When it comes to choosing a favorite fall tree, there are plenty of gorgeous types to choose from. Crimson red, orange and vibrant yellow– there’s a tree to match everyone’s favorite fall hue.
In the past few decades, trees became one of the many horticultural casualties of the great housing spread. Suburban developments sprouted seemingly overnight, and while most of them boasted a host of amenities, lovely new dwellings, and even postage-stamp sized lawns, there was something missing. Trees were largely absent—either as preserved old growth specimens or new plantings—but recent research tells a startling story about the human need for trees. While we could talk only about how they benefit humans and human settlements, trees also offer a host of other positive offerings for the ecosystem as a whole. Wait, what was that about studies?
Physical and Psychological Benefits
Beyond the politics of climate change, objective data collected by NOAA indicates that our planet is in the midst of climate change directly associated with rising levels of greenhouse gasses. Whether you agree with the point that human activity is involved in this climatic shift or not, what everyone can agree upon is that trees love carbon dioxide. They need it in order to complete the process of photosynthesis, and the byproduct of this action is oxygen. While each species of tree varies, according to basic calculations, a mature specimen will consume as much as 48 pounds of oxygen every year, producing ample oxygen to sustain two adult humans. That’s pretty substantial, but the good news doesn’t end there.
The preliminary findings of several studies indicate that the presence of trees in a living environment reduces stress and psychological burdens. While there’s still quite a bit more research to be done in this area, the effects, whatever their cause, are worth noting. Reduced blood pressure, improved mood and immune function, better sleep and more energy, and even an increased rate of wound healing are all basic benefits to spending time among trees.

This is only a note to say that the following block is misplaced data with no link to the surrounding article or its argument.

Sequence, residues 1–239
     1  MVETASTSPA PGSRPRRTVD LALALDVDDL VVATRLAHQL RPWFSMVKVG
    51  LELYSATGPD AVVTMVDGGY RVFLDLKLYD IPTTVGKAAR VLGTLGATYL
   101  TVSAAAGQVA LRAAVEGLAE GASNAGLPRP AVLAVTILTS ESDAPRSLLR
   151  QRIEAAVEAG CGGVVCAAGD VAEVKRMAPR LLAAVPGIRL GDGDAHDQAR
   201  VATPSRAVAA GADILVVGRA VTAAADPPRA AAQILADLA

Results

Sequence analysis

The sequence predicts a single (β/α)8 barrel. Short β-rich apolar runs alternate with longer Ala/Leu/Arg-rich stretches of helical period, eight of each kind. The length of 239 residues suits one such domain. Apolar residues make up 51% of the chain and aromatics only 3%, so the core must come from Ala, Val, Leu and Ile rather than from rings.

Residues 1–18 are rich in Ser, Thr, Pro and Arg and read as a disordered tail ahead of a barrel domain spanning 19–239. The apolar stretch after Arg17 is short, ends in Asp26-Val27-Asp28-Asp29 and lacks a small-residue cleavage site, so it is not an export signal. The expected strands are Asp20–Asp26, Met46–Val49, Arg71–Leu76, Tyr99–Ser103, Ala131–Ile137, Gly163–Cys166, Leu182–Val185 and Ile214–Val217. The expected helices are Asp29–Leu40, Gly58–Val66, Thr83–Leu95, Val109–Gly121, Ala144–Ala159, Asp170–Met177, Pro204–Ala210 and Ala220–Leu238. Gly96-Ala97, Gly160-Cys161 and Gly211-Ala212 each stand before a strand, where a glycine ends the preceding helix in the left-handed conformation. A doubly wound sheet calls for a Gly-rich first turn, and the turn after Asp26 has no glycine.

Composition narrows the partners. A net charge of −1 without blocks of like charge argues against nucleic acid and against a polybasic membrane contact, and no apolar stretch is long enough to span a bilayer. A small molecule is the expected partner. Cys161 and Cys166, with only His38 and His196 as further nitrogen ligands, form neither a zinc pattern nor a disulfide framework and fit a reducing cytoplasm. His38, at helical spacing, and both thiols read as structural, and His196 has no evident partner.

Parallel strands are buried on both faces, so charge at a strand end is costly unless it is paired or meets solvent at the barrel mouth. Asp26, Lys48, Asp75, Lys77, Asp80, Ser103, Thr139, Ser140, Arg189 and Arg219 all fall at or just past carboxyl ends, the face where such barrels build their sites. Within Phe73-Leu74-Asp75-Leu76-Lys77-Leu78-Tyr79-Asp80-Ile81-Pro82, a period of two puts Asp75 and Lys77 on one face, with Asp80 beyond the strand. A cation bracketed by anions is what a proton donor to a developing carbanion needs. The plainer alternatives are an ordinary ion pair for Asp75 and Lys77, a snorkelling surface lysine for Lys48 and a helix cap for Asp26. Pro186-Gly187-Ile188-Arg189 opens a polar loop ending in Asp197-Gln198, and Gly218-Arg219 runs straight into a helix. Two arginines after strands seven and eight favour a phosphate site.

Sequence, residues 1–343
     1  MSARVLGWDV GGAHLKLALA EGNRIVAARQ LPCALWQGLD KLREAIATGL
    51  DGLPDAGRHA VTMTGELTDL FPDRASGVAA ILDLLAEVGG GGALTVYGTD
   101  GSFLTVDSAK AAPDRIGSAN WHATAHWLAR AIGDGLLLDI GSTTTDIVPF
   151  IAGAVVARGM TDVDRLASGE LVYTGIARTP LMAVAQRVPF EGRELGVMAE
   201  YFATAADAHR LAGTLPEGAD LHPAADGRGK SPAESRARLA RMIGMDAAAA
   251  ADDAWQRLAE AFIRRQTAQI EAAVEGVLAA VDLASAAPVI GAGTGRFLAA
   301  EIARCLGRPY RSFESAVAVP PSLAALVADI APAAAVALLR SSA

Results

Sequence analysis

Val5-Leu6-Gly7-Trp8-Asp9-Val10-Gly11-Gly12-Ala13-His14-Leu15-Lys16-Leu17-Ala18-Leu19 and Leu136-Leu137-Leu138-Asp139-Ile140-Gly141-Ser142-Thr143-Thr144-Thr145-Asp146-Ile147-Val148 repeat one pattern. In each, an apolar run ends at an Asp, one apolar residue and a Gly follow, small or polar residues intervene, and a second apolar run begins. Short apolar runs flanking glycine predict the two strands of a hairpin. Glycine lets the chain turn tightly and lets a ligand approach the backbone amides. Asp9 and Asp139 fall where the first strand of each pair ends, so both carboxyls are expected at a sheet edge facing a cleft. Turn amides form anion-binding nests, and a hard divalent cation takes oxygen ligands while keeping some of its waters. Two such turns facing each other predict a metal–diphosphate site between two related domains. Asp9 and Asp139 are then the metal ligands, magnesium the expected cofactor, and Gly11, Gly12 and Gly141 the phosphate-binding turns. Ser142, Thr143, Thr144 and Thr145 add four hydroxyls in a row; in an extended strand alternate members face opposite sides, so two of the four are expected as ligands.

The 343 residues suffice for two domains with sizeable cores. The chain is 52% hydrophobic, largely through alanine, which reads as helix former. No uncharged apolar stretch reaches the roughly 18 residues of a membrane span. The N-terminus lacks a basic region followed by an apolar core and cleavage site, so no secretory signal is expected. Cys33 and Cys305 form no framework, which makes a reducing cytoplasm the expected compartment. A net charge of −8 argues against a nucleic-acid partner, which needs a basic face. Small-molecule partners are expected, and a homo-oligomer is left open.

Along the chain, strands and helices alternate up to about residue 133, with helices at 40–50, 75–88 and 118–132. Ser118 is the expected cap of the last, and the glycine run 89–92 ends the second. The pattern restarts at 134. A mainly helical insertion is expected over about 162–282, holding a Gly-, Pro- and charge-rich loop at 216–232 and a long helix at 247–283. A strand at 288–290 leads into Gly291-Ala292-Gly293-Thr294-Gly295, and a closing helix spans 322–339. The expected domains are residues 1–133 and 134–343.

Income Inequality and Arboriculture
These data are all pretty compelling reasons to plant trees wherever possible, but a rather interesting trend may offer yet more motivation for arboriculture. One analysis of several conducted in the past five years has shown that income inequality within the built environment—particularly fully urban areas—can be directly correlated to the presence of trees. In spaces that lacked them, intense poverty was often present and could be readily correlated to a unique phenomenon in the United States—the Food Desert. This term describes areas where access to fresh food and basic nutritional needs are often absent or extremely restricted. Would this trend shift if gardens and trees were planted in these areas? The data suggests as much.
The Need to Know
If you’re interested in planting trees on your property, there are several points to consider before you begin. Take a few moments to assess the following list and conduct any research you feel is needed in order to make the right choice.
When you’re ready to buy—the late fall being a great time to plant trees—get in touch with a nursery. Much as in any aspect of life, specialists are the best people to consult. Nurseries make it their business to know everything there is about the cultivation and care of plants. They have the resources to invest in the best techniques and tools, which means trees procured from them are most likely to be healthy and beautiful. In fact, they specifically cultivate and nurture young trees—which grow more rapidly once planted than older individual specimens after transplant. They will be able to offer information and advice on how you can best foster a beautiful and beneficial tree or grove just beyond your window. Why wait? Good health for you and for the environment is nearer than you think.